The Hubs had a conference in New Orleans that serendipitously fell on my Spring Break. Obviously, I had to accompany him. On my second day out on my solo adventure (while he was in meetings), I decided to take the street car to the New Orleans Museum of Art (NOMA). It seemed simple enough with Google Maps to make my way. There was only one hitch in my plans. I picked the wrong street car. I realized halfway through the ride that I would have to debark and walk a mile to the museum. I got on the red “cemeteries” streetcar instead of the green “city parks” one. Doh!
I need to segue here a minute and state that The Hubs used to live in New Orleans. When he was about eight-years-old, his family moved there from Washington state. (My FiL is an engineer and worked with the oil industry for years.) This would have been in the mid- to late-1970s. Their house was broken into numerous times and I recently found out that my MiL would “pack heat” as she walked to work. This was the culture that The Hubs associated with New Orleans (that and Catholic school!). In fact, when we visited NOLA about fifteen years ago, he instructed me on the plane down that if “someone comes up to us with a gun, I will push you behind me and you just run.” I thought he was joking. The look on his face suggested otherwise. He was dead serious (no pun intended). And, didn’t New Orleans once have the distinction of being the murder capital of the world???
Yes, dear readers, this was all running through my mind as I realized I would have to get off and walk over a mile to my destination.
Luckily, there were some tourists sitting behind me that kept talking about a cannoli place. (Like I wasn’t a tourist???) All throughout the ride they had been pointing out one location or another that had been on the Food Network. They were getting off at my stop so I decided to follow them. They led me to one of my foodie destinations: Angelo Brocato’s Italian Ice Cream Parlor. I had a delicious Amaretto gelato there before I decided to just buck up and walk by myself the rest of the way.
There was only one potentially sketchy area (and that was mostly in my imagination). I powered through that half block to be directed (by Google Maps) through a beautiful old neighborhood with immaculate yards. The street ended in City Park. Truly, it was a fine walk with no worries.
I highly recommend taking this trek if you are up for a mile hike and some delicious Italian treats along the way.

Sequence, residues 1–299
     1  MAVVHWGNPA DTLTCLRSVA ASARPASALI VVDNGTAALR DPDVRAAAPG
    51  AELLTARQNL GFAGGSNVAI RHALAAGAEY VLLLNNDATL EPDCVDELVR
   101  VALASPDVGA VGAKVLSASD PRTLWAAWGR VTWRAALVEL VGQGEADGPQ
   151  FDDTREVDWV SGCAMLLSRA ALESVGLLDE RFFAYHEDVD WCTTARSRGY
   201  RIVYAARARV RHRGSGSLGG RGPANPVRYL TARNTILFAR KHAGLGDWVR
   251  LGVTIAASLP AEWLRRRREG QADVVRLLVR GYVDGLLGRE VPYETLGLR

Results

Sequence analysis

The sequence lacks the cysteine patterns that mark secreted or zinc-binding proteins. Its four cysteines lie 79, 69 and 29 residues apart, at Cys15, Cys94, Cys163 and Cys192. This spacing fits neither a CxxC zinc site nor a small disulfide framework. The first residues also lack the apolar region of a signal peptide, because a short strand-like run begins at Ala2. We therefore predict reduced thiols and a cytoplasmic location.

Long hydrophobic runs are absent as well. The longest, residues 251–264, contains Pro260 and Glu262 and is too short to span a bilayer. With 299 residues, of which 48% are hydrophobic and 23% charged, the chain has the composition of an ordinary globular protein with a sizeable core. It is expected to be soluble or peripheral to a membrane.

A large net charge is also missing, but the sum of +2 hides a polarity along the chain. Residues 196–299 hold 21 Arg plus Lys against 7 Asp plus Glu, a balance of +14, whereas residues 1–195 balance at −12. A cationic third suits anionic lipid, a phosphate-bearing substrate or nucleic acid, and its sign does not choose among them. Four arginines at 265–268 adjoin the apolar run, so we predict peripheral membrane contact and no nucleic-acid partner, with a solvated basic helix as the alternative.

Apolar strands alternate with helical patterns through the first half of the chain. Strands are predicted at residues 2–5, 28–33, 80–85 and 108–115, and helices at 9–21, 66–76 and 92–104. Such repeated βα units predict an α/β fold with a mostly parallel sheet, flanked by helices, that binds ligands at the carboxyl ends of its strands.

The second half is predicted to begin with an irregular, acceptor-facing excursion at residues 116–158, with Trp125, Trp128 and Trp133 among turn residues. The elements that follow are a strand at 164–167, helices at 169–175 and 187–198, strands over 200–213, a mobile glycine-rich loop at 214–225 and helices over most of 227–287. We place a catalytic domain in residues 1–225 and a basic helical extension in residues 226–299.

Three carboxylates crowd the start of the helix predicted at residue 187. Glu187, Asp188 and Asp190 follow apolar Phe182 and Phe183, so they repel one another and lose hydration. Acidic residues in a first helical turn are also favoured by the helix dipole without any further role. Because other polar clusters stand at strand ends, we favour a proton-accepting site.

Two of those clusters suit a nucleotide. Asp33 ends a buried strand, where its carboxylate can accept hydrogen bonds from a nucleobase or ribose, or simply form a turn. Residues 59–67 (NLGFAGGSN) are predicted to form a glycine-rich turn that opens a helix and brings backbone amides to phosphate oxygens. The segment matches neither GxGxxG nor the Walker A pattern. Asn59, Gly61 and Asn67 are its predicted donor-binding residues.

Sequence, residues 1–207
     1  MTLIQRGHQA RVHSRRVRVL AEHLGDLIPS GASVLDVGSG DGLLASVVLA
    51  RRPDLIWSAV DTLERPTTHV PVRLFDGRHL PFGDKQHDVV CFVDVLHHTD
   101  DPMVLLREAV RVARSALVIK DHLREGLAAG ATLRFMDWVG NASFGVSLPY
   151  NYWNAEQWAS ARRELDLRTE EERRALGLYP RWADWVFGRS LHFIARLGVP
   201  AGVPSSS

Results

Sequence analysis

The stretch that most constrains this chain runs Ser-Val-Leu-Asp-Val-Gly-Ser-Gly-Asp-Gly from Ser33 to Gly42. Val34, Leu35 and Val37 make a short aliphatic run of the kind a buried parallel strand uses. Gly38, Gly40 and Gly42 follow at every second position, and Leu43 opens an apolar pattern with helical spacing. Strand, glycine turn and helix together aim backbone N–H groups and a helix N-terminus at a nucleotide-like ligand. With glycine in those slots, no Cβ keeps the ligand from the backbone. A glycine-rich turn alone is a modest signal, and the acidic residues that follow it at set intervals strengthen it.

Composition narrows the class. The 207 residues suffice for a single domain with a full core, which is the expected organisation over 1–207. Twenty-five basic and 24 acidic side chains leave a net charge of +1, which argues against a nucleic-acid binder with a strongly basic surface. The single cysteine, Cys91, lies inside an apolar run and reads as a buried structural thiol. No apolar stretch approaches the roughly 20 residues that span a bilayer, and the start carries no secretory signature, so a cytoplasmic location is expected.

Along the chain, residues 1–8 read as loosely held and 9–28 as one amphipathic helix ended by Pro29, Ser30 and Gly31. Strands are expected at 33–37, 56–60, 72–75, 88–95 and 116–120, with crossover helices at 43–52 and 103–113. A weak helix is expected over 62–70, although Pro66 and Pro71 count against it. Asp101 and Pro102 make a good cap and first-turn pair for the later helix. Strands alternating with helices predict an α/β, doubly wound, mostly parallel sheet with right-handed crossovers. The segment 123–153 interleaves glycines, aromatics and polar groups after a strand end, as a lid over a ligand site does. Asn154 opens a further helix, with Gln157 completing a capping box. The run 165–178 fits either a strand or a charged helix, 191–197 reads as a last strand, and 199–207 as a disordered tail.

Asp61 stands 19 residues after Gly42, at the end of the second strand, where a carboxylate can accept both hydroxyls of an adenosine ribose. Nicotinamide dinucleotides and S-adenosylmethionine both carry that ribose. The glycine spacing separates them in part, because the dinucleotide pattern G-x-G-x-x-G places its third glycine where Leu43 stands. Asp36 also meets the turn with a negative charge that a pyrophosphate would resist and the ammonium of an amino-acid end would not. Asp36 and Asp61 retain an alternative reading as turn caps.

I also highly recommend NOMA. This beautiful museum is set in City Park near the Botanical Gardens and other points of interest. The Besthoff Sculpture Garden is also worthy of another leisurely stroll.
Cafe NOMA (by Ralph Brennan) is almost worthy of a trip in itself. It was super crowded when I was there so I ended up sharing my table with some Dutch visitors (who bought both a bottle of Prosecco AND a bottle of wine for their lunch). Everything looked delicious but I had the Roasted Pear Salad (mesclun greens, walnuts, dried cherries, blue cheese, grape tomatoes, Champagne vinaigrette). This is another salad I must replicate.
Besides the food, the highlights of my trip to NOMA were twofold:
Art in Bloom is apparently a fund raiser that allows different garden clubs, restaurants, business, artists, etc. to design artistic flower displays around a central theme. Some of these designs were inspiring.
In another room, the Garden Clubs of New Orleans were battling it out for blue ribbons and best of show.
I had never heard of Mel Chin, his art or his political views, but I was so moved by this exhibition.
I could not take photographs (obviously) in this exhibit, but I encourage you to seek out his works.
After a stroll through the sculpture garden, I did catch the right street car back with no incident.
In creating this installation, Gaudet wanted visitors to feel “as if one is moving up and out from being underwater.” “I thought about all the things floating in the water after the storm,” he explains, “and all the people in need.” The etched bottles allude to hurricane Katrina’s death toll. The vessels protect messages, delivering them to a safe haven. Glass hands represent the countless, often unsung, individuals who rendered aid to the residents of the Gulf Coast. “Even during the storm and the trying times after,” recalls Gaudet, “people still helped others.”
In the foyer of the museum lay Fats Domino’s grand piano, sitting as it was found in his flooded home. Really, I can’t tell you how moving this entire exhibit was. One can’t imagine the suffering and loss that occurred when Katrina wrecked this area.
I thought about Katrina often as I walked around New Orleans. As we walked by restoration, I wondered if this was still damage from Katrina. There was a vacant high-rise building that sat on the edge of the RiverWalk area. Was this just abandoned, waiting to be razed? I saw bricks and cobblestones missing from some of the streets. Had these been washed away or otherwise damaged during the storm? Is it even possible that Katrina was almost ten years ago?
I really don’t know if I would have had the fortitude to return to my home after that kind of devastation. The force of New Orleanians must be awesome.